The click of my shoes on the hardwood floor echoed as I walked towards the bottom of the oak staircase that led to the upstairs. When I looked upwards, my heart skipped a beat. In the dim light, I saw a life-sized portrait of Aunt Martha hanging on the wall at the top of the stairs. The eyes peered downwards. They were open but there was something mystical and unsettling to them. I swallowed hard and clasped the handrail on the stairs with my left hand. There was still time to leave.
I steeled myself and moved slowly up the staircase never taking my eyes from the picture. Something tickled the back of my neck and I used my free hand to swat at it. I gripped the banister harder and willed my legs to keep climbing.
As I neared the top, a shadow moved across the hall and a waft of perfume filled my nostrils. Chanel No. 5. Aunt Martha’s scent. A shiver swirled up my spine.
When I turned back to the picture, the eyes blinked and the mouth formed a tight thin smile. Barely audible, it spoke. “She’s waiting for you.”
I let out a screech and turned to run down the stairs but something grabbed me and swung me around. My stomach lurched and bile filled the back of my throat.
“What do you want with me?” I shouted.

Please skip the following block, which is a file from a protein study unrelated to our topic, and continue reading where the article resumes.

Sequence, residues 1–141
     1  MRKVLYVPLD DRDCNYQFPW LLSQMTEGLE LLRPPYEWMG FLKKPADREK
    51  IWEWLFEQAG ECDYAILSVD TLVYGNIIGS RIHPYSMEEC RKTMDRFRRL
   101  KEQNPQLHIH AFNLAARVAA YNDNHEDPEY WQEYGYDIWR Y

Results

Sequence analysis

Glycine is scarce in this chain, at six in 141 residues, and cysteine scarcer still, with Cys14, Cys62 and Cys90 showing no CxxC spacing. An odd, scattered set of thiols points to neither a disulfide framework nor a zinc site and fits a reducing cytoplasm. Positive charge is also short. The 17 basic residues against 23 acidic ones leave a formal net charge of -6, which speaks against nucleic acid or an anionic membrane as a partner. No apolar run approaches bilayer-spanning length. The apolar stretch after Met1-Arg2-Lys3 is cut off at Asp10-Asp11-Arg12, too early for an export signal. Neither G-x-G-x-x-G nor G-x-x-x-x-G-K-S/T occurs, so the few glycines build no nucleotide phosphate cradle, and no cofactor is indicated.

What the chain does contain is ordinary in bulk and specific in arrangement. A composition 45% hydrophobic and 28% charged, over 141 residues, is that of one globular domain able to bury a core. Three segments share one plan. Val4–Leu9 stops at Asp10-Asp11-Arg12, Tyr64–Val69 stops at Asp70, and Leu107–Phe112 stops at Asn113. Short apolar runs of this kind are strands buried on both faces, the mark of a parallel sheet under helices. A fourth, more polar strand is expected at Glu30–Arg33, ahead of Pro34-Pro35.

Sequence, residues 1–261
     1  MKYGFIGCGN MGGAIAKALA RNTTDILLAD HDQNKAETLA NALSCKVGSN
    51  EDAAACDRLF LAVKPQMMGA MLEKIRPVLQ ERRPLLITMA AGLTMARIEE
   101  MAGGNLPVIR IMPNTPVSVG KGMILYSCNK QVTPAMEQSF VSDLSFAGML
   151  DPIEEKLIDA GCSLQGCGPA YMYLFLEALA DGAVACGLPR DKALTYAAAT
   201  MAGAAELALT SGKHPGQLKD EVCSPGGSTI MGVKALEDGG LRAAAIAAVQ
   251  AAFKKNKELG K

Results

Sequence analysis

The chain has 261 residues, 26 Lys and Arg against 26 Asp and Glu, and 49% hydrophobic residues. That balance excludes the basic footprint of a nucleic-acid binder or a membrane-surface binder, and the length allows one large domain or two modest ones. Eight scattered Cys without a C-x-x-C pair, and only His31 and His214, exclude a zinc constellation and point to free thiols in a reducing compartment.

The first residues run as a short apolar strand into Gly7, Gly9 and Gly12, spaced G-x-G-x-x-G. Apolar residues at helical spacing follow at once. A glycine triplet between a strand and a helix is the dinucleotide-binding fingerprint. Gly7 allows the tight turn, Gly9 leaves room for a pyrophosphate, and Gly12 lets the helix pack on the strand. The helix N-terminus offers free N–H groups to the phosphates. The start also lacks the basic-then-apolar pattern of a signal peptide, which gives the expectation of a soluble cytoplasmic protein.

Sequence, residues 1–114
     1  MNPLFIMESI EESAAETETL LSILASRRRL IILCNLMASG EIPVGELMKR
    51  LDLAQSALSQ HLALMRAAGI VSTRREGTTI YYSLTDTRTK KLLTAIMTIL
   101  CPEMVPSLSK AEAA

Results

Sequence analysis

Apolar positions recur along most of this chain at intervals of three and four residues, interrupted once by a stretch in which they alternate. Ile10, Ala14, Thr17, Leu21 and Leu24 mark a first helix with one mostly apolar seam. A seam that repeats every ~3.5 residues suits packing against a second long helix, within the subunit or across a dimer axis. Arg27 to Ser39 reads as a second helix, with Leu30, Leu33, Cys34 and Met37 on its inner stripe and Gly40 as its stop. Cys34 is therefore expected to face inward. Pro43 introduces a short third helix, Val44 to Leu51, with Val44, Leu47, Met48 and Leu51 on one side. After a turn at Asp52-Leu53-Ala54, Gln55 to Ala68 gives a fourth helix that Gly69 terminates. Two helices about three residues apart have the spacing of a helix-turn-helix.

The lifeless portrait stared back at me.
I took a step closer to it, my hands shaking. “Why am I here?”
The door to Aunt Martha’s bedroom flung open and there was the sound of shuffling feet. Something banged hard against the floor and a women’s shrill voice called out. “Hurry. I don’t have much time.”
The hairs stood up on the back of my neck and my legs wobbled. I wondered if I was being punked or was the victim of some twisted Halloween prank.
I gritted my teeth, clenched and unclenched my fists, and inched closer towards the bedroom door. The smell of freshly perked coffee and scones permeated the air.
My legs struggled to move. I peered around the doorframe to the bedroom. There, on a small table, sat a tray with a coffee pot, two mugs and two scones neatly laid out on Aunt Martha’s pink-flowered China plates. A cadaverous and frail skeletal female image sat in the rocking chair on the far side of the table. Her pale eyes stared back at me. My knees buckled and I banged into the side of the wall.
She moved forward in the rocking chair and motioned with her hand. “Come in. I’ve been expecting you.”
I steadied myself. My mouth dropped open to speak but only a stuttered response eked out. “I…I”
She pointed to the Queen Anne chair parked across the table from her. “Sit”.
I stumbled into the chair and stuffed my shaking hands into my pockets. “Who are you?” tumbled out of my mouth.
“I’m Charmaine, a long-time friend of your Aunt Martha’s and an inhabitant of this house.”
I leaned forward in my chair. “Inhabitant?”
Charmaine let out a small cackle. “Indeed.”